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History of the Second Temple Period - Research Paper Example

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History of the Second Temple Period Name Institution Course Date Table of contents 1. Introduction…………………………………….……………………………………….3 2. Highlight of the Second Temple Period………………………………………………….3 3…
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History of the Second Temple Period
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Download file to see previous pages The second temple period became complete at the beginning of the first Jewish-roman war and the demolition of the Jewish temple. During the second temple period, Judaism was faced by three main predicaments and their consequences while different groups of Jews reacted to them differently. The period began with the destruction of Jewish kingdom when the Judeans lost their land, holy city, temple and monarchy and most of them exiled to Babylon. This was followed by a theological crisis, which involved nature, goodness and power of God. They were also threatened in terms of culture, ceremonies and race since they were thrown into propinquity with other individuals and religious groups. The lack of acknowledged prophets later in the period left them lacking divine guidance at the moment when they were mostly in need of (their) support and guidance. The second crisis was the increasing authority of Hellenism in Judea that ended in the Maccabeus Revolt in 167 BCE. The final crisis involved the Roman occupation of the region. The aim of the paper is to describe the Second Temple Period from Alexander the Great to the reign of Herod’s sons. ...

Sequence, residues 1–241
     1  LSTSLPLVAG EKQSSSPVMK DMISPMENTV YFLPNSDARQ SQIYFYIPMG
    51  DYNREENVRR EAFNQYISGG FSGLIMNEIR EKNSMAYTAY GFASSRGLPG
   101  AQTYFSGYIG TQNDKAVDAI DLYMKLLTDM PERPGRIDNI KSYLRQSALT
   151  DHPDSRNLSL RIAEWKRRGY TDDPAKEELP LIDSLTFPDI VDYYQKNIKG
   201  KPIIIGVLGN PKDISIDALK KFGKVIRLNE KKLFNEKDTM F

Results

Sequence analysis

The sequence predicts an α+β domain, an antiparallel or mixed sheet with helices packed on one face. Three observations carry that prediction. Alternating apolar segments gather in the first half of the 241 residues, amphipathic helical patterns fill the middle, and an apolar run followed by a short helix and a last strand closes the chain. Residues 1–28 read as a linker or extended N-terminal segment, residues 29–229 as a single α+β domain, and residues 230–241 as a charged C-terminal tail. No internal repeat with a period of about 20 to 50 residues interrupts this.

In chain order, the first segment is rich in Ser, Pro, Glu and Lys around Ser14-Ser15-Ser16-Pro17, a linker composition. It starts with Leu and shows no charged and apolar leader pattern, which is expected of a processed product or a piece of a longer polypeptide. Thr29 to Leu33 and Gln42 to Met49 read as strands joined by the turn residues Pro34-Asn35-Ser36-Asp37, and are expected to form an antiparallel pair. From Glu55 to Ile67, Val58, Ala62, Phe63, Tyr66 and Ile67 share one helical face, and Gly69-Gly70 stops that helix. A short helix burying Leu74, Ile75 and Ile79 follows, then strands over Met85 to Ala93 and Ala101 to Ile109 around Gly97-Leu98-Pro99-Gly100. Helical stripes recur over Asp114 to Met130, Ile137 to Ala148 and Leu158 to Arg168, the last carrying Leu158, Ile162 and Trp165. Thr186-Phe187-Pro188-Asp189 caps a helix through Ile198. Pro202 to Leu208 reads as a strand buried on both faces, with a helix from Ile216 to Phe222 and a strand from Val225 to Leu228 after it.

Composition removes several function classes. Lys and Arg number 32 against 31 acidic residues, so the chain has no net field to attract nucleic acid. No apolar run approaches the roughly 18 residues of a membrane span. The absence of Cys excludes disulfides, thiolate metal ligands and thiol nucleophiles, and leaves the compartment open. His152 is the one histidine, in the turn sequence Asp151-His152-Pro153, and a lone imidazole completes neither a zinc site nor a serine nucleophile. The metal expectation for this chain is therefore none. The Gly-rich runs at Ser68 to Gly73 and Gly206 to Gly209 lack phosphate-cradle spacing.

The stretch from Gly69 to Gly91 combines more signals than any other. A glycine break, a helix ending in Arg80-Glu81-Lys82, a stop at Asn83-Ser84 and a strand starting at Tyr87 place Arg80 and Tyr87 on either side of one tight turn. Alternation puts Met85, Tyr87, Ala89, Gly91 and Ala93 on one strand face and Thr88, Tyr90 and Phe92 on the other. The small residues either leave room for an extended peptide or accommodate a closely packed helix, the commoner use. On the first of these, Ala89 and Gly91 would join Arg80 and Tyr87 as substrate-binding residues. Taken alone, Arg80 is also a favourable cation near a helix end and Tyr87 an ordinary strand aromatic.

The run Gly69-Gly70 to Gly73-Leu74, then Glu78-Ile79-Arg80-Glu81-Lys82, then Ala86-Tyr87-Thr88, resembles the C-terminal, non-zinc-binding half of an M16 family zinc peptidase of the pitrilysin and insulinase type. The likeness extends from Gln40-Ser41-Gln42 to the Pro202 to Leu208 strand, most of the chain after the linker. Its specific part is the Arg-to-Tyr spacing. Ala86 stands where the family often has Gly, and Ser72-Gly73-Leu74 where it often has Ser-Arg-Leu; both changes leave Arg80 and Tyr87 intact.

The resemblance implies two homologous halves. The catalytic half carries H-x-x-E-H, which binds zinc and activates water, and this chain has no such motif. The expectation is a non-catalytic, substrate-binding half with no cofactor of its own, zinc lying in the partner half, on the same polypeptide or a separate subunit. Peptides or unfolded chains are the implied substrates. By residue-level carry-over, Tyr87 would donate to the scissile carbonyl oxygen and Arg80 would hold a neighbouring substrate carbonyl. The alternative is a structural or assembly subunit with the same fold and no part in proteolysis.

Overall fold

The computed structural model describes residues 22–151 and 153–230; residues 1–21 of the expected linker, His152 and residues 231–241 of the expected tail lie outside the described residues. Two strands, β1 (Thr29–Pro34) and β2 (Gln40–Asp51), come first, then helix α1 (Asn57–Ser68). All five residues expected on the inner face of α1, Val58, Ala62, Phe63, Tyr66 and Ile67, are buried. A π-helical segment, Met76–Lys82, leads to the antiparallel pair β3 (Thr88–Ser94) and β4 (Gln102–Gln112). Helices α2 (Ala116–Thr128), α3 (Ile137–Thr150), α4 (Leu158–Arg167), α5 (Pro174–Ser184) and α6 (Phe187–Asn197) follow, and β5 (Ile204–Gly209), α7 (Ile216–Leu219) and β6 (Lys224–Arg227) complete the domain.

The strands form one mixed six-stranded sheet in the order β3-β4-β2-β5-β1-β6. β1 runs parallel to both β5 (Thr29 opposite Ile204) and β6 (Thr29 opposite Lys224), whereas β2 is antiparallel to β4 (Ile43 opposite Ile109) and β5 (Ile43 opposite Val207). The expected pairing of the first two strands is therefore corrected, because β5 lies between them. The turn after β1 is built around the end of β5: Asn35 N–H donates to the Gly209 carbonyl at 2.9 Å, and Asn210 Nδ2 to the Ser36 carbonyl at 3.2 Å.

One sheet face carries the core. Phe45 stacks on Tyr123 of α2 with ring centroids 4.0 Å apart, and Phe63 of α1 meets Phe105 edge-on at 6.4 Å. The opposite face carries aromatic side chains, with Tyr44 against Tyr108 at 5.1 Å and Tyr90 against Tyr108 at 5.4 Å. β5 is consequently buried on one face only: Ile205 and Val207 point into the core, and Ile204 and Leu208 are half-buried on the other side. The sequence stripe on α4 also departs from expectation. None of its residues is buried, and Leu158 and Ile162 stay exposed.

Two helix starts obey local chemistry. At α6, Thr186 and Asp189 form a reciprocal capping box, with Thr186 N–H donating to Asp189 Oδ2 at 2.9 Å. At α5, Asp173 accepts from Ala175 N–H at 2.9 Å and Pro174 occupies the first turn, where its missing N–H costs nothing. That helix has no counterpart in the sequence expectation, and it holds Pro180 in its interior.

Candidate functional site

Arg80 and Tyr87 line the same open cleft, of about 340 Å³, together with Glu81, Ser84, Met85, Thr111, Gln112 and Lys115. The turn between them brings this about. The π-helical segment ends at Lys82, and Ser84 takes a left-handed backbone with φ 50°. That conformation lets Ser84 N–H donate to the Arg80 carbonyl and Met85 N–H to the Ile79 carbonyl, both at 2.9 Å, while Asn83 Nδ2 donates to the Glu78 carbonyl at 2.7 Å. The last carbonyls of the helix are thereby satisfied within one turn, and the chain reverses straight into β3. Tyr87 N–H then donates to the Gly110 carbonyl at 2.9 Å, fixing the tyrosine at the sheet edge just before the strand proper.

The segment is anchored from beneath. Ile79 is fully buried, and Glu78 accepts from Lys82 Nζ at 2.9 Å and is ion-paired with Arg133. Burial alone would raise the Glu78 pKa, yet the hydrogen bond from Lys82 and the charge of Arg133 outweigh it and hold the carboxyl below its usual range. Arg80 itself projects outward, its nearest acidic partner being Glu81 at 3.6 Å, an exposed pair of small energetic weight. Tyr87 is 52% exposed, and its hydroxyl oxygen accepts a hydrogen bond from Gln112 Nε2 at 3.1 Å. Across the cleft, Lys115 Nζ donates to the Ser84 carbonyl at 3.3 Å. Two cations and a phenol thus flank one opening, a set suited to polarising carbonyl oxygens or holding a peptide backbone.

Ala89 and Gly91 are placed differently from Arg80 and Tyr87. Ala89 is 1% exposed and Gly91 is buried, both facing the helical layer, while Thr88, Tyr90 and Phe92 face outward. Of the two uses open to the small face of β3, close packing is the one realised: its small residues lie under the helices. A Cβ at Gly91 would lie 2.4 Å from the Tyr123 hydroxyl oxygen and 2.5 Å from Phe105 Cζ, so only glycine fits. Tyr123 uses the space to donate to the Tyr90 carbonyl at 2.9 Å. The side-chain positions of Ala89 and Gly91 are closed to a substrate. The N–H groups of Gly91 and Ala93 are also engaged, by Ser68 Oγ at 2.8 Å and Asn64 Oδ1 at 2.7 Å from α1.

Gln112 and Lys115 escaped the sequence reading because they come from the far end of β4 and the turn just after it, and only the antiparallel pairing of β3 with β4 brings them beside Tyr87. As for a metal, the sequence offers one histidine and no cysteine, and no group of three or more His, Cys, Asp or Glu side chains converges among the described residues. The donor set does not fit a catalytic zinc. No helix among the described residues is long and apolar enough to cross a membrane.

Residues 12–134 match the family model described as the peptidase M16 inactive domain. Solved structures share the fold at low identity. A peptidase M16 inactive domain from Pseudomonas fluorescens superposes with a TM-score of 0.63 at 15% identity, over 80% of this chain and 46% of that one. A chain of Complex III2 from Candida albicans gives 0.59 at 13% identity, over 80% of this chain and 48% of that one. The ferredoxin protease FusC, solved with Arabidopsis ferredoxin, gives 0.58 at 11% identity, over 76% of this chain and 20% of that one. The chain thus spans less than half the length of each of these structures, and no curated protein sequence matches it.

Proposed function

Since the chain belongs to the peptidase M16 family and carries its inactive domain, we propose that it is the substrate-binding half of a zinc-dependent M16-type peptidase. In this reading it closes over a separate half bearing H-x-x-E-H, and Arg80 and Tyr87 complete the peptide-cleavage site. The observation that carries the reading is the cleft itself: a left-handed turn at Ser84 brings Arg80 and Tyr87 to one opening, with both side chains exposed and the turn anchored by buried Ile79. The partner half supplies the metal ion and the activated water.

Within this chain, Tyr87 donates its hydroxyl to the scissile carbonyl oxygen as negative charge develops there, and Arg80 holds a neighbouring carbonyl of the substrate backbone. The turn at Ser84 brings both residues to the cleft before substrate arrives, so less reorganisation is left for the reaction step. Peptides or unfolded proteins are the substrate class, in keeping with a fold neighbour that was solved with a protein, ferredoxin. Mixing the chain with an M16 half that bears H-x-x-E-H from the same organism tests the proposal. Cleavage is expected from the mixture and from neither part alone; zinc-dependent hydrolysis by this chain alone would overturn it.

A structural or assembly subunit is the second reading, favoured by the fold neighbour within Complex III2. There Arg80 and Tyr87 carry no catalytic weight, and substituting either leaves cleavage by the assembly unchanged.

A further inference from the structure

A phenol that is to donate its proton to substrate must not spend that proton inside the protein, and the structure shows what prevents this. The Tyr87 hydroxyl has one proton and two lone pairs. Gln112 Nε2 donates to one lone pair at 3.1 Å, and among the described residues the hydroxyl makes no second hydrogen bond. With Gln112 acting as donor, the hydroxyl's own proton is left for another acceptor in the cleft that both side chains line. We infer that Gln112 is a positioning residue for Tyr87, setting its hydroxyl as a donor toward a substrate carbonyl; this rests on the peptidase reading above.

cond Temple Period The second temple period, which lasted 600 years, can be divided into various periods each with own distinct political and social characteristics. During this time, different kingdoms took power of Jerusalem, they included Persian, Macedonian Greeks (Alexander the Great), and Egyptian Greeks, Syrian Greeks, nature and Romans and the Egyptians. During the return to Zion from Babylonian captivity, which was during the Persian period, Jerusalem was rather poor. However, the city enjoyed vivacious flourishing religious life. The same time saw the appearance of a dominant religious class, sophisticated elite accessible to foreign influence2. The Persians were conjured by Alexander the Great in 332 BCE. The Persians’ defeat by Alexander the Great ushered in the Hellenistic period which reigned until the Maccabean Revolt in 167 BCE. The Hellenistic period under Alexander the Great comprised of a rising gap between the Hellenized elites who espoused Greek way of life and the city’s observant inhabitants. It is this gap which eventually resulted to the Maccabean Revolt. After the demise of Alexander the Great, the division of his empire among the generals, the formation of the Seleucide kingdom followed3. The decline of associations between the Hellenized Jews and sacred Jews guided the Seleucid King, Antiochus IV Epiphanes, to enforce decrees prohibiting particular Jewish religious rites and traditions. As a result, the orthodox Jews revolted under the rule of the Hasmonean people (Maccabees). The revolt resulted to the creation of an independent Judean empire under the Hasmonaean dynasty. The dynasty later disintegrated following the civil war between sons of Salome Alexandra and Aristobullus II. Those not interested in the governance of the King but ...Download file to see next pagesRead More
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